In the future, financial information and programming will be increasingly available on-the-go.
The old days of purely brick-and-mortar banks are over.
Mobile banking is the preferred platform as global smartphone use skyrockets and our preference for handheld interaction grows.
In 2011 only 10% of the world’s population used a smartphone. By 2018, that number has reached over 36% penetration.
From traditional commercial banks to finance technology or “fintech” startups, the banking industry is competing in an all-out sprint towards digital progress.
Here are 4 ways that technology is changing the banking industry in 2018.
- Open Banking
Open banking is a phenomenon being pushed by regulatory bodies around the world.
Lawmakers in the EU, UK, and the US have all passed legislation that takes personal financial data out of the hands of the banks and returns control to consumers.
The EU’s Payment Services Directives (PSD 2007 and PSD2 2015) will be fully implemented this year.
Together the PSDs regulate financial service providers by requiring transparency about consumer rights and the banks’ obligations to the public. They also require banks to free up customer data for third party access, limiting the power of the bank that gathered it.
The EU regulations coincide with the “Open Banking revolution” in the United Kingdom that intends to make banking more competitive for increased consumer protection. The UK also made it mandatory for all banks to provide third-party access to customer financial data using open API technology at the start of 2018.
In the wake of the Equifax data breach on the other side of the Atlantic, the United States made their move towards stricter regulations beginning in 2017 with the state of New York. US laws are focused on cybersecurity and consumer protection via speedy cyber attack reporting and increased government oversight of consumer data mishandling.
The proximity of these launch dates mean that traditional banks around the world face new technology-based limitations. Open banking and cyber security requirements leave the door open for tech-savvy challengers with a spotless reputation for safeguarding the public.
Another technology changing global banking in 2018 is regulation technology or “RegTech”.
RegTech is the umbrella term for software tools specifically designed to streamline regulatory compliance.
Newly developed RegTech takes new 2018 regulations into account and eliminates duplication issues and insufficient data storage signposting.
Due to increased regulation, the adoption of these programs across the industry will determine which finance organizations move ahead and which ones get stuck hitting every legal bump in the road.
If implemented well, RegTech has the potential to significantly reduce risk, speed up compliance management, and control bank costs despite increased accountability.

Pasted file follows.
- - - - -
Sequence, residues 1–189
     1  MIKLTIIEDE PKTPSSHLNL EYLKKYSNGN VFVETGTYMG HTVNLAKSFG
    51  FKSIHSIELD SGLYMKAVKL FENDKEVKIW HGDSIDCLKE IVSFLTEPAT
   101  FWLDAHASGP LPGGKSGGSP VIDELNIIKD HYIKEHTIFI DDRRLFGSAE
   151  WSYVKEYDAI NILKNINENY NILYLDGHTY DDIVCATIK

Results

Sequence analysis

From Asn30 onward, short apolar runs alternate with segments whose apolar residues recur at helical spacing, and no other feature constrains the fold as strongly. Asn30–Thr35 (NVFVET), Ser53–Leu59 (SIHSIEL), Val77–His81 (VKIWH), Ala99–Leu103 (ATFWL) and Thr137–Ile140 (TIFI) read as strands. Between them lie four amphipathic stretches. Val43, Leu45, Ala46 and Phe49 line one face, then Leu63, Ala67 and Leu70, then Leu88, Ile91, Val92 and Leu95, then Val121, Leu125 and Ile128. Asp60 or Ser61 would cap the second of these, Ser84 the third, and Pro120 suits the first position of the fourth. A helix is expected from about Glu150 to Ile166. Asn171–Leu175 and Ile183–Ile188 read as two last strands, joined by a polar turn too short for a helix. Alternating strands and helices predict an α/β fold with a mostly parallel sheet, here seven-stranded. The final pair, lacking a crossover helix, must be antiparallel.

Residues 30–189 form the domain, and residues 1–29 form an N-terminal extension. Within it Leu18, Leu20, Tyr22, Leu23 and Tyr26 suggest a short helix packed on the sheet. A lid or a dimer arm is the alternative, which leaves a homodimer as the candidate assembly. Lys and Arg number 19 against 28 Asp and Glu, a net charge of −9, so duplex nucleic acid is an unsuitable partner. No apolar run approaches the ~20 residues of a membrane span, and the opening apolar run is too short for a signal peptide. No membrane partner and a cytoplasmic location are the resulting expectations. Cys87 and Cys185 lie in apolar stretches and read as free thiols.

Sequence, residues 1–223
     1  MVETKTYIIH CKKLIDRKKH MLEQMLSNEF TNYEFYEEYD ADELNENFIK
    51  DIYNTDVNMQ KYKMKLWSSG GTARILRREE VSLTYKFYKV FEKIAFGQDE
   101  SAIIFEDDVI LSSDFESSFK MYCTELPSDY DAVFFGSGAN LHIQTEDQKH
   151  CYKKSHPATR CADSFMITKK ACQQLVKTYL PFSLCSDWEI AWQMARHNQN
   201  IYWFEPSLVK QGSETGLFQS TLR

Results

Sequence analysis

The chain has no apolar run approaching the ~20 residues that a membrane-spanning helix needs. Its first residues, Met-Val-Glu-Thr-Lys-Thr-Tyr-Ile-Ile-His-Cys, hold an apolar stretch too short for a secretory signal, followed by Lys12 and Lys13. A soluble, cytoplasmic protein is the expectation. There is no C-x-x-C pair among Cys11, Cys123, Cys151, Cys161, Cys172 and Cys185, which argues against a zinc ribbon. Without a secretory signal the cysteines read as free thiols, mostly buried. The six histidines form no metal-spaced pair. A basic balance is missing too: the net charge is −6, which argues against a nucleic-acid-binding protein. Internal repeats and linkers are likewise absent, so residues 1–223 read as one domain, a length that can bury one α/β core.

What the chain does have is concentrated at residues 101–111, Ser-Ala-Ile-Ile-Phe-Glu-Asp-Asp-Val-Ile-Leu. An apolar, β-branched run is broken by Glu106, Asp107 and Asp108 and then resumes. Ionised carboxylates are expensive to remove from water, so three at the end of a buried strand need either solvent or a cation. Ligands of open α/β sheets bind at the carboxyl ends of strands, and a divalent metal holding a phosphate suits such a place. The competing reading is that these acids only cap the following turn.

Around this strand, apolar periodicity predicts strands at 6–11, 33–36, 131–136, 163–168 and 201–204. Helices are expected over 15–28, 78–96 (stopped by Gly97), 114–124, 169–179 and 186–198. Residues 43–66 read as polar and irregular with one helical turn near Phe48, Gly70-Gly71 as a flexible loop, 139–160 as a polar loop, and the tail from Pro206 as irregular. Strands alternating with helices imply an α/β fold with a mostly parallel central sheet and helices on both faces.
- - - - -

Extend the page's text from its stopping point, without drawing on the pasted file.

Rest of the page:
- Robo Advice
“Robo advice” is the term for technology that does traditionally human jobs in investment banking.
In the past, investment managers evaluated a customer’s financial situation, communicated investment options, assessed risk appetite, handled portfolios according to client preferences, and relayed information about performance back to the investor.
Robo advice is the software and algorithms that provide these services digitally and accessibly on mobile devices like smartphones and tablets.
Millennials aged 22-37 prefer to work with apps and digital information over commercial banks. The demographic has a do-it-yourself attitude and shows an aversion to traditional banking institutions that have steered them into crushing student debt.
In fact, 75% of American millennials report trusting a financial product from a fintech company. Almost half of millennials in the US with investments report being aware of robo-advisors, while a full 11% currently use a robo-advisor exclusively.
With a frictionless user experience, robo advice may become the new norm.
- New Technology
In the UK, financial services newcomers are edging out traditional banks. Startup lenders like Iwoca in the UK are touted as the “future of small business lending” by using software algorithms to make credit decisions and having quick loan turnaround thanks to fintech.
By using all-digital or hybrid platforms combining human and algorithmic tools to reach customers, other digitally-native finance startups are slated to follow their lead.
Whether it’s anti-monopoly Open Banking APIs, intelligent RegTech software to handle compliance, or the growing preference for robo advice over human interaction, technology is making huge waves in the global banking industry this year.
As the digitally-native generations grow, traditional financial institutions scramble to expand their digital offerings while fintech startups flourish and join the market.
Join us at the cutting edge of technology with regulation-compliant cyber security, remote device access, and more. ABT equips mortgage lenders with the tools for success in a digital world.
Image: Visual Hunt